Human bocavirus 1 (HBoV1), a member of the parvovirus family, was first identified as a potential human pathogen in the year 2005. Human bocavirus 1 is found associated with lower respiratory infections in young children. Recently human bocavirus2-4 has also been discovered associated mainly with gastroenteritis. Human bocavirus 2 is found more commonly than human bocavirus 3 or 4 in the stools of young children with diarrhea.
Studies found human bocavirus to be associated with variety of signs and symptoms which include rhinitis, pharyngitis, cough, dyspnea, wheezing, pneumonia, acute otitis media, fever, nausea, vomiting, and diarrhea. Since high co-infection rates in symptomatic patients have been identified, human bocaviruses have been questioned in being sole potential etiology responsible for these manifestations.
Human bocavirus 1 has also been found to play a role in Acute Otitis Media, as its DNA often occurs in the nasopharynx of otitis-prone children.
Scientists from Finland have indicated human bocavirus 1, a true and common respiratory pathogen in their large Finnish study. According to the study, human bocavirus 1 causes respiratory symptoms to develop in more than 60% of the children at the time of initial infection. Although reinfection is common but usually remains asymptomatic. The study also confirmed the association between human bocavirus and childhood ear infections.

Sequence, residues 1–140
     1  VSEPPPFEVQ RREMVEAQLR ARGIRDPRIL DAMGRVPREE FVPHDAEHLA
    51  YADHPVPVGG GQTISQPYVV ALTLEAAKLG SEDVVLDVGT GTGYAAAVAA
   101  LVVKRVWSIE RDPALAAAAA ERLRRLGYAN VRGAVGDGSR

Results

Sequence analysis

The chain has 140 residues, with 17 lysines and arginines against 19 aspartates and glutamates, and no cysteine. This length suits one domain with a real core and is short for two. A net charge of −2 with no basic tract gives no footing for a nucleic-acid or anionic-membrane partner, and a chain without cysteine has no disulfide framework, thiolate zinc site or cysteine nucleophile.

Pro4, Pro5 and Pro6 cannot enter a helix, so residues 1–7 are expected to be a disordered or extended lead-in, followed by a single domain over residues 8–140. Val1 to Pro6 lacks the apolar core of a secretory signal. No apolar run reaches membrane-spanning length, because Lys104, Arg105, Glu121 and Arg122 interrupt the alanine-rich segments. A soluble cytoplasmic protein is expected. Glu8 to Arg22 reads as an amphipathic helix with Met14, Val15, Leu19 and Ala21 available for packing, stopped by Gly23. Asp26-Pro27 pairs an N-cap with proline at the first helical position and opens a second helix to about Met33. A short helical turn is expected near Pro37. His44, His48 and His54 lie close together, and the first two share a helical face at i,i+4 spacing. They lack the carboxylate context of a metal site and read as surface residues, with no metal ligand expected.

Human bocavirus 1 is fairly prevalent in children presenting with acute wheezing. In a particular study, Serologic specimen obtained from the patients with acute wheezing were found to be positive for human bocavirus DNA, representing systemic infection. The finding suggests that human bocavirus 1 may also cause severe life-threatening systemic infection as was evidenced in december 2011.
Quantitative polymerase chain reaction (PCR) and serology are the best diagnostic approaches available to date.
Human bocavirus as an emerging potential human pathogen, raises the concerns regarding human health and treatment. Probiotics were found to reduce the occurrence of human bocavirus (HBoV) and possibly the viral infection.
We still need more to explore about the occurrence, prevention and treatment of this new culprit which has created a need to conduct more thorough trials, bringing the new diagnostic approaches like quantitative PCR and serology in use. This puts forward yet, a new challenge for scientists and researchers!!!